During strong El Niño episodes, a secondary peak in sea surface temperature across the far eastern equatorial Pacific Ocean sometimes follows the initial peak.[27]

Cultural history and prehistoric information[edit]

Average equatorial Pacific temperatures

ENSO conditions have occurred at two- to seven-year intervals for at least the past 300 years, but most of them have been weak. Evidence is also strong for El Niño events during the early Holocene epoch 10,000 years ago.[28]

El Niño may have led to the demise of the Moche and other pre-Columbian Peruvian cultures.[29] A recent study suggests a strong El-Niño effect between 1789 and 1793 caused poor crop yields in Europe, which in turn helped touch off the French Revolution.[30] The extreme weather produced by El Niño in 1876–77 gave rise to the most deadly famines of the 19th century.[31] The 1876 famine alone in northern China killed up to 13 million people.[32]

An early recorded mention of the term "El Niño" to refer to climate occurred in 1892, when Captain Camilo Carrillo told the geographical society congress in Lima that Peruvian sailors named the warm north-flowing current "El Niño" because it was most noticeable around Christmas. The phenomenon had long been of interest because of its effects on the guano industry and other enterprises that depend on biological productivity of the sea.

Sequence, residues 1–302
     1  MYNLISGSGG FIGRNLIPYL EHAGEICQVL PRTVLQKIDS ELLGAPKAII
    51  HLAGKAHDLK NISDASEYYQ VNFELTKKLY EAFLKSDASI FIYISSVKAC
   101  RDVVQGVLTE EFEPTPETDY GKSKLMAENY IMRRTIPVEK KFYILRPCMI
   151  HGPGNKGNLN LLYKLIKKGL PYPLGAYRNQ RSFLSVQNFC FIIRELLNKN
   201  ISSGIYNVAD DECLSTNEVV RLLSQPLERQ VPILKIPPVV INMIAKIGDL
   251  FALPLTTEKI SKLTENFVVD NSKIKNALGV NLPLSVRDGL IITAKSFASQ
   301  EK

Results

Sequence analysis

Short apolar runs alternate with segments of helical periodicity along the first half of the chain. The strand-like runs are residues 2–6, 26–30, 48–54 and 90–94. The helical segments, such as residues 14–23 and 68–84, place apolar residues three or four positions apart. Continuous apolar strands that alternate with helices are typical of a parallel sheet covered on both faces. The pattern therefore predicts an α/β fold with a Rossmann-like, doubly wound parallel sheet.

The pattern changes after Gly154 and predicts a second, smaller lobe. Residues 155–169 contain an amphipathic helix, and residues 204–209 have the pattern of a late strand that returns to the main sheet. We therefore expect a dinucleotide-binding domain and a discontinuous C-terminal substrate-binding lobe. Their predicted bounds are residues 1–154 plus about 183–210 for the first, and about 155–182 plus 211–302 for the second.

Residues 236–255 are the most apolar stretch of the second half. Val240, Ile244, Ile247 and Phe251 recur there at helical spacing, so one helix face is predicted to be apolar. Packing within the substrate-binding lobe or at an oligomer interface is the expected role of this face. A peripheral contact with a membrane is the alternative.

Charles Todd, in 1893, suggested droughts in India and Australia tended to occur at the same time; Norman Lockyer noted the same in 1904. An El Niño connection with flooding was reported in 1895 by Pezet and Eguiguren. In 1924, Gilbert Walker (for whom the Walker circulation is named) coined the term "Southern Oscillation". He and others (including Norwegian-American meteorologist Jacob Bjerknes) are generally credited with identifying the El Niño effect.[33]

The major 1982–83 El Niño led to an upsurge of interest from the scientific community. The period 1991–1995 was unusual in that El Niños have rarely occurred in such rapid succession.[34] An especially intense El Niño event in 1998 caused an estimated 16% of the world's reef systems to die. The event temporarily warmed air temperature by 1.5 °C, compared to the usual increase of 0.25 °C associated with El Niño events.[35] Since then, mass coral bleaching has become common worldwide, with all regions having suffered "severe bleaching".[36]

El Niño diversity[edit]

Map showing Niño3.4 and other index regions

The traditional Niño, also called Eastern Pacific (EP) El Niño,[37] involves temperature anomalies in the Eastern Pacific. However, in the last two decades, nontraditional El Niños were observed, in which the usual place of the temperature anomaly (Niño 1 and 2) is not affected, but an anomaly arises in the central Pacific (Niño 3.4).[38] The phenomenon is called Central Pacific (CP) El Niño,[37] "dateline" El Niño (because the anomaly arises near the dateline), or El Niño "Modoki" (Modoki is Japanese for "similar, but different").[39][40][41][42]

The effects of the CP El Niño are different from those of the traditional EP El Niño—e.g., the recently discovered El Niño leads to more hurricanes more frequently making landfall in the Atlantic.[43]